Author Topic: Mure Denoise Settings  (Read 2816 times)

Offline rdryfoos

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Mure Denoise Settings
« on: 2016 September 09 08:03:44 »
I Love Mure Denoise!!!  But I am unsure of the noise estimate number.  I used 2 darks in the Noise estimator (can use 2 biases or 2 darks) and it came up with an estimate of 27.43.  Out of 33 darks, no matter which 2 I chose, I got the same estimate. Since I used the same darks for all of the subs in the image--I used 27.43 for the noise estimation for all stacks.  Is this reasonable?  Is it possible to have a noise setting too low and run Mure twice?  or Also, if nearest neighbor is not used in star alignment, one is supposed to get the noise from the star alignment noise estimation log and use that in the setting where nearest neighbor is input.  Where is this log?  Nd how is it used?  Its of interest that nearest neighbor is the less accurate way of aligning so is it better to use Auto and use the value from the alignment log? 

Mure Denoise has worked wonders for my images--but sometimes there are artifacts, and I am never quite sure I have the noise estimate correct.  Overdoing it is just as bad as not using it so I really want to get it right.  Any one know?

Thanks,
Rodd

Offline mschuster

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Re: Mure Denoise Settings
« Reply #1 on: 2016 September 09 08:55:08 »
Hi Rodd,

Thank you.

To estimate Gaussian noise, I recommend the DarkBiasNoiseEstimator script. Open two good darks or two good biases, and run the script. If you use darks, the noise estimate will include dark current noise, otherwise not. Usually dark current noise is small, and so using biases is typically fine.

As a sanity check for your noise estimate, take the read noise value in e- from the camera manufacture, divide this value by gain in e-/DN, you should get a value similar to your noise estimate in DN. This sanity check accounts for read noise but not dark current noise.

Never use noise estimates obtained from a single frame, as those estimates will include pattern noise, which is removed during calibration.

Never run MureDenoise twice.

Artifacts in the denoised result may be due to several things. Read the requirements in the documentation. Your Gaussian noise estimate could be too high. The Gain estimate could be too low. Or the frame might have been processed or otherwise violate the requirements.

Thanks,
Mike

PS Gaussian noise is not affected by star alignment method (don't use related noise estimates, I don't think there are any anyway). But whatever alignment method you choose, just be sure to enter the chosen method in MureDenoise. If you choose Auto, look in the console log for the actual method used by the alignment process and use that.

Offline rdryfoos

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Re: Mure Denoise Settings
« Reply #2 on: 2016 September 09 10:26:42 »
Hi Rodd,

Thank you.

To estimate Gaussian noise, I recommend the DarkBiasNoiseEstimator script. Open two good darks or two good biases, and run the script. If you use darks, the noise estimate will include dark current noise, otherwise not. Usually dark current noise is small, and so using biases is typically fine.

As a sanity check for your noise estimate, take the read noise value in e- from the camera manufacture, divide this value by gain in e-/DN, you should get a value similar to your noise estimate in DN. This sanity check accounts for read noise but not dark current noise.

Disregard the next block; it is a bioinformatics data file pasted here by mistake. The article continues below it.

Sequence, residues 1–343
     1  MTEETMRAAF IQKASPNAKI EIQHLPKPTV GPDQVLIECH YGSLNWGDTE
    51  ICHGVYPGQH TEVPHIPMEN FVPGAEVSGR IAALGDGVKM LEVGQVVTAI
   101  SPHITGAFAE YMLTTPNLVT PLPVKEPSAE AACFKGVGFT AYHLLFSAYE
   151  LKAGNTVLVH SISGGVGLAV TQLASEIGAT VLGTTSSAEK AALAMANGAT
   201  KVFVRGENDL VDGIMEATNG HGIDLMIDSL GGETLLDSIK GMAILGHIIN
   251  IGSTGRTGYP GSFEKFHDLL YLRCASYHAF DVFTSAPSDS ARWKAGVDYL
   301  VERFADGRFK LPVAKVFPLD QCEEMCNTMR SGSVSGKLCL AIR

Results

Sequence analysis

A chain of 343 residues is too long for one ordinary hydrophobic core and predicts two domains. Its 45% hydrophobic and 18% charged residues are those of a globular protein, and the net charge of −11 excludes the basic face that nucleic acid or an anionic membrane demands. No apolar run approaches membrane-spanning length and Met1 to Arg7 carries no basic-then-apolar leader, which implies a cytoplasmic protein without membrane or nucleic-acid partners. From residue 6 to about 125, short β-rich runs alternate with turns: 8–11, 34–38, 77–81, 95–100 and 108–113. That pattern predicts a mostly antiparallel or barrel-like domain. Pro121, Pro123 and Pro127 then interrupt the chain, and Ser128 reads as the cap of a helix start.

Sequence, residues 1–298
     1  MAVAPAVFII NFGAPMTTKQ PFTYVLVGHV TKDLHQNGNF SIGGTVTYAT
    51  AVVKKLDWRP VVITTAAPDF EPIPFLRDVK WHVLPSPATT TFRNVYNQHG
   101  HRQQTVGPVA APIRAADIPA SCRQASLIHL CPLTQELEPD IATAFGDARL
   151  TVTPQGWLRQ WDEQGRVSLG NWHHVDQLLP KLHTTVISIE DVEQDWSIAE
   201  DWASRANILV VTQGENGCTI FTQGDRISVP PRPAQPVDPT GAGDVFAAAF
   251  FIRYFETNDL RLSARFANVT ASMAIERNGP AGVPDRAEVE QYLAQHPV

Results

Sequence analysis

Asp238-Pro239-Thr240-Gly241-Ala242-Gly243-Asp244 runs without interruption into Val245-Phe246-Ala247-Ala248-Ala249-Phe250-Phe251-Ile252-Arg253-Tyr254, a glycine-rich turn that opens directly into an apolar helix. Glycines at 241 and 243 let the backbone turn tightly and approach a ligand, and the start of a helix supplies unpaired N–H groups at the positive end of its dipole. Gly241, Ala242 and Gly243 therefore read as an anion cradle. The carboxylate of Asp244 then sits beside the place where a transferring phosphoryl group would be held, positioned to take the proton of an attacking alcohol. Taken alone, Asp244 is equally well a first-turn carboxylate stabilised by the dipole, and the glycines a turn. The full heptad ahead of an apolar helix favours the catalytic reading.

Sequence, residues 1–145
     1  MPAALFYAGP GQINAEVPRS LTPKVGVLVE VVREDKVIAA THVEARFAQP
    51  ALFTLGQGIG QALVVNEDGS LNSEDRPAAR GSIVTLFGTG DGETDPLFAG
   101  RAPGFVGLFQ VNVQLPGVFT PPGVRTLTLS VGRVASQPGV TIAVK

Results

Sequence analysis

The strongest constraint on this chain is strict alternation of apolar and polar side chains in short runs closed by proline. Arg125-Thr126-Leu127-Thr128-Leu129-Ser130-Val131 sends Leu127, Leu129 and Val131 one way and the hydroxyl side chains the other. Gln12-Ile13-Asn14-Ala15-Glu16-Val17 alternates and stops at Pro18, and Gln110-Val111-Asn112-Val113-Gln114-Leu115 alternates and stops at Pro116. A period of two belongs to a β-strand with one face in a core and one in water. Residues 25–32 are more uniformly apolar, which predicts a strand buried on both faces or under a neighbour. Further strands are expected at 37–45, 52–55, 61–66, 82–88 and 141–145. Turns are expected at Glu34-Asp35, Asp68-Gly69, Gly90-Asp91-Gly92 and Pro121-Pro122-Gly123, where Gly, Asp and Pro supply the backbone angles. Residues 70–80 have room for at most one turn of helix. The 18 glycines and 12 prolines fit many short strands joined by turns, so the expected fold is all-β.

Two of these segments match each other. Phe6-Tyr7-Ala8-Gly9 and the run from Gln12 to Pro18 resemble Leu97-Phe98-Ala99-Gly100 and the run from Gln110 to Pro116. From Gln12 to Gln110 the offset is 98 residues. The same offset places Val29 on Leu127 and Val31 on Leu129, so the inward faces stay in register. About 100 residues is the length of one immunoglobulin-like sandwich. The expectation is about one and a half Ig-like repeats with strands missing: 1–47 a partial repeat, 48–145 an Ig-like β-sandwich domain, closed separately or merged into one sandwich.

Never use noise estimates obtained from a single frame, as those estimates will include pattern noise, which is removed during calibration.

Never run MureDenoise twice.

Artifacts in the denoised result may be due to several things. Read the requirements in the documentation. Your Gaussian noise estimate could be too high. The Gain estimate could be too low. Or the frame might have been processed or otherwise violate the requirements.

Thanks,
Mike

PS Gaussian noise is not affected by star alignment method (don't use related noise estimates, I don't think there are any anyway). But whatever alignment method you choose, just be sure to enter the chosen method in MureDenoise. If you choose Auto, look in the console log for the actual method used by the alignment process and use that.
  Thanks--where is the console log?  I did not know where to look for this.  I do not have a problem with aligning with nearest neighbor method, but I read somewhere that this was the least accurate alignment method.  Is that true?

Offline mschuster

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Re: Mure Denoise Settings
« Reply #3 on: 2016 September 09 10:52:40 »
Console log - just the scrolling list of output you see in the Process Console View. The interpolation method used will be listed.

I like nearest neighbor for my undersampled setup for ~20 or more dithered subs. Avoids loss of FWHM, avoids ringing artifacts, avoids blurring, avoids noise covariance, and negligible aliasing as long as there are enough dithered subs.

Mike

« Last Edit: 2016 September 12 09:15:26 by mschuster »

Offline rdryfoos

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Re: Mure Denoise Settings
« Reply #4 on: 2016 September 09 11:39:23 »
Console log - just the scrolling list of output you see in the Process Console View. The interpolation method used will be listed.

I like nearest neighbor for my undersampled setup for ~20 or more subs. Avoids loss of FWHM, avoids ringing artifacts, avoids blurring, avoids noise covariance, and negligible aliasing as long as there are enough subs.

Mike
  I try to read the log but it dissapears to fast.  How can I go back to that read the info?  Also--how about for 15 or so subs.  Presently I am making a mosaic with 30 min subs and 15 subs is 7.5 hours per filter per panel--enough.  What alignment would you use--keep in mind I am using Mure Denoise so maybe Nearest Neighbor IS nest?  By the way--The PI method of stitching mosaics is GREAT!!!  First one tried and there is no line visible at all.  Just need clear sky to finish!